ECS P55H-AK Overclocking

Posted on 26th Sep 2010 at 10:12 by Richard Swinburne with 4 comments

Richard Swinburne
We heard a surprise rumbling from the direction of ECS recently, from its P55H-AK. With a new and rather tasty aesthetic design, and the promise of hitting 5GHz with a K-series CPU got us wondering if ECS had made a board that was.. well, worth buying.

At $300 (it's not yet available in the UK) out of the starting blocks there's already a hefty weight on it for a P55 board, even if it does have extra NF200 and PLX chips to add more PCI Express lanes.

Unperturbed, we still wanted to have a gander at its overclocking capabilities, so we requested a board for a quick test. Once we had it in our mitts we dropped it on the review block (it's a cold piece of granite that bares the scars of previous torture), with a Core i5-750, some 2,200MHz Elpida Hyper and a Titan Fenrir.

Unfortunately, our first attempts were met with a solid wall at 160MHz base clock. This was the same whether pushing the board via the BIOS or ECS' eOC in-Windows overclocking software. Clearly that's a very poor show, and it was made worse by the fact that the voltage changes in the BIOS remained even after the board self-reset after overclocking failure and sometimes even after a CMOS reset. This meant we constantly risked overvolting the CPU. In the end we found the trick was to enter the BIOS, use the reset to default option, F10 save, re-enter the BIOS and then start again. Convoluted would be an understatement.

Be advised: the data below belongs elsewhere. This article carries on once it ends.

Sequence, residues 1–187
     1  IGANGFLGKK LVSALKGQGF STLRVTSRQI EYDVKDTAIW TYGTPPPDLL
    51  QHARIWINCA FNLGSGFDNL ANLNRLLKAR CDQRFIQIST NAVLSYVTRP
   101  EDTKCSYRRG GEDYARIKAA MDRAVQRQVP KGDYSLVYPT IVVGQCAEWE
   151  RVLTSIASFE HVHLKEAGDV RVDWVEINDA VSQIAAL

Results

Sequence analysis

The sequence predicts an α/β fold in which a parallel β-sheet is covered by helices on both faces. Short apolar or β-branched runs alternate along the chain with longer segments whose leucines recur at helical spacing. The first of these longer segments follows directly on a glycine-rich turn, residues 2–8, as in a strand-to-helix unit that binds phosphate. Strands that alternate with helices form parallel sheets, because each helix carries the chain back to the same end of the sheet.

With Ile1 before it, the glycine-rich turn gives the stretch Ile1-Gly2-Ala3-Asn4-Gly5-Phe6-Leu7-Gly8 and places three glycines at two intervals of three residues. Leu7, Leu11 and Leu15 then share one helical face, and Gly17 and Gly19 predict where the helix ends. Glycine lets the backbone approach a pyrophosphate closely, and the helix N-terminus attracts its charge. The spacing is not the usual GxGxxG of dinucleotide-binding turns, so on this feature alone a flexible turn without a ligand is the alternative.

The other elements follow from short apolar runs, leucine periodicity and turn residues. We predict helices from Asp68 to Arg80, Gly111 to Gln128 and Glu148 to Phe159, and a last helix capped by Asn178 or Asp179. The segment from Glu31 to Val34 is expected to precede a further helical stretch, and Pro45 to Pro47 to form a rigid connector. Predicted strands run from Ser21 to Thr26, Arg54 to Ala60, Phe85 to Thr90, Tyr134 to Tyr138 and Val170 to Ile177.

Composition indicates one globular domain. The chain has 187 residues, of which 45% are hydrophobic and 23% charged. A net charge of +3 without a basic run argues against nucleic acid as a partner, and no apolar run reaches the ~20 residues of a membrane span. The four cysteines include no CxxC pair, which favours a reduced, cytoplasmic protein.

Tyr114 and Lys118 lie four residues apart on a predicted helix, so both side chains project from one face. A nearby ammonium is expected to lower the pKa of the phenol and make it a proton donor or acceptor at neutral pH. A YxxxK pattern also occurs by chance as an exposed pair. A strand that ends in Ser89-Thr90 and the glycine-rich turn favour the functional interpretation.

ECS' BIOS follows the Intel-spec for '+' voltages, which only adds to the pain in the arse factor to be honest - we'd much rather be able to type in the exact voltage we want, like other enthusiast P55 boards.

After tearing our hair out for a few days, we went down to ECS' HQ, where the folks there had setup another P55H-AK for us to look at. They weren't getting the same 160MHz limitation - in fact, their setup with the same BIOS, but with their in-house hardware hit ~193MHz base clock. OK, that's better, but not great - even boards a third of the cost crack 200MHz.

ECS P55H-AK Overclocking Tails of ECS P55H-AK overclocking
Click to enlarge

So then we tried our i5-750 and memory to see if there was a difference and two minutes later we were riding 215MHz base clock and 4.3GHz! Much better!

OK, so after all that effort the ECS P55H-AK can overclock well, and combined with its new look is a better outlook for a company not many enthusiasts took seriously. That said, it still needs a better BIOS - in both design and features - to rival Gigabyte and Asus before it can challenge the top two though. ECS is getting there slowly, but will it ever be fast enough?


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docodine 26th September 2010, 18:22 Quote
Hopefully this is a step in the direction of making ECS a brand worth buying, good for them.
Infiniti 27th September 2010, 10:17 Quote
im sure on there web site they over clock an i5 to 5ghz on air.... seemed a bit far fetched to me...